Tuesday, December 21, 2010

into uncharted territory

I now find myself at episode 38 of "The Great Queen Seon Deok," which catches me up and puts me into uncharted territory. Kim Yusin, the love of Deokman's life, has prostrated himself before the evil Misil in an attempt to save his native people, the Gaya folk. Although he loathes her, Yusin is offering to marry Misil to save his people. At the same time, he's promised Deokman that, although he and she can never consummate their love (goddamn typical for a Korean drama), he will master the art of war and help her unify the Three Kingdoms under the Silla Dynasty banner.

I looked Kim Yusin ("yoo-sheen") up on Wikipedia and discovered that he's one of Korea's most famous military minds-- right up there with Yi Soonshin. I wonder whether any of his military writings have been translated into English. That, folks, would be classic.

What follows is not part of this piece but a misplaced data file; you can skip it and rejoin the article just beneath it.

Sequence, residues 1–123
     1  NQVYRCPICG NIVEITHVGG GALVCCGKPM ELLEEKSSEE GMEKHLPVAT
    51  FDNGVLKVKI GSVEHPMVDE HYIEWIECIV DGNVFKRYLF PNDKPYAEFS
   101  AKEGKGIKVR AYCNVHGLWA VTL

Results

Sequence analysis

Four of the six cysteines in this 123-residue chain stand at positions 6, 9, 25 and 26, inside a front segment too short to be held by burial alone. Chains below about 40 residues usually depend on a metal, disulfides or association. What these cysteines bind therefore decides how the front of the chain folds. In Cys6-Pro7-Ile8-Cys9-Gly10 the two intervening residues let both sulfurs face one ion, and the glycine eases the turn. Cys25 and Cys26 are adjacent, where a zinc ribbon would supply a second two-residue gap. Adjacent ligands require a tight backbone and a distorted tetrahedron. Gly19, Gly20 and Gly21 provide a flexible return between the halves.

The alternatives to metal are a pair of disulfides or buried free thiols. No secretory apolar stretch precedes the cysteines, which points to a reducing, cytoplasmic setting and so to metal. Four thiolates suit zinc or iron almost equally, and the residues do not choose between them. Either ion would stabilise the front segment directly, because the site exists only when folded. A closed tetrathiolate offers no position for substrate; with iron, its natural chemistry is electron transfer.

Sometime later, I might want to write at length about the series, which I've found to be very compelling viewing. It has its hokey moments, to be sure, but the epic scale of the drama, along with all that castle intrigue, makes it must-see viewing for anyone who's enjoyed Shakespeare's take on royal family dysfunction, martial honor, insanity, the vengefulness of the scorned, and the curdled admixture of religion, black magic, and the state. Shakespeare lovers: "The Great Queen Seon Deok" has all those themes and tropes in spades.

I've enjoyed the ride so far, and look forward to finding out how it all ends. It's going to be a sad thing when I finish the final episode.

UPDATE: As it turns out, Yusin's not marrying Misil herself: he's marrying into her family by betrothing himself to her granddaughter, a girl who's far too young for Yusin. I guess I didn't catch what was really going on, despite the subtitles. That, or the script was crafted in such a way as to fool even Korean viewers as to whom Yusin was truly marrying.


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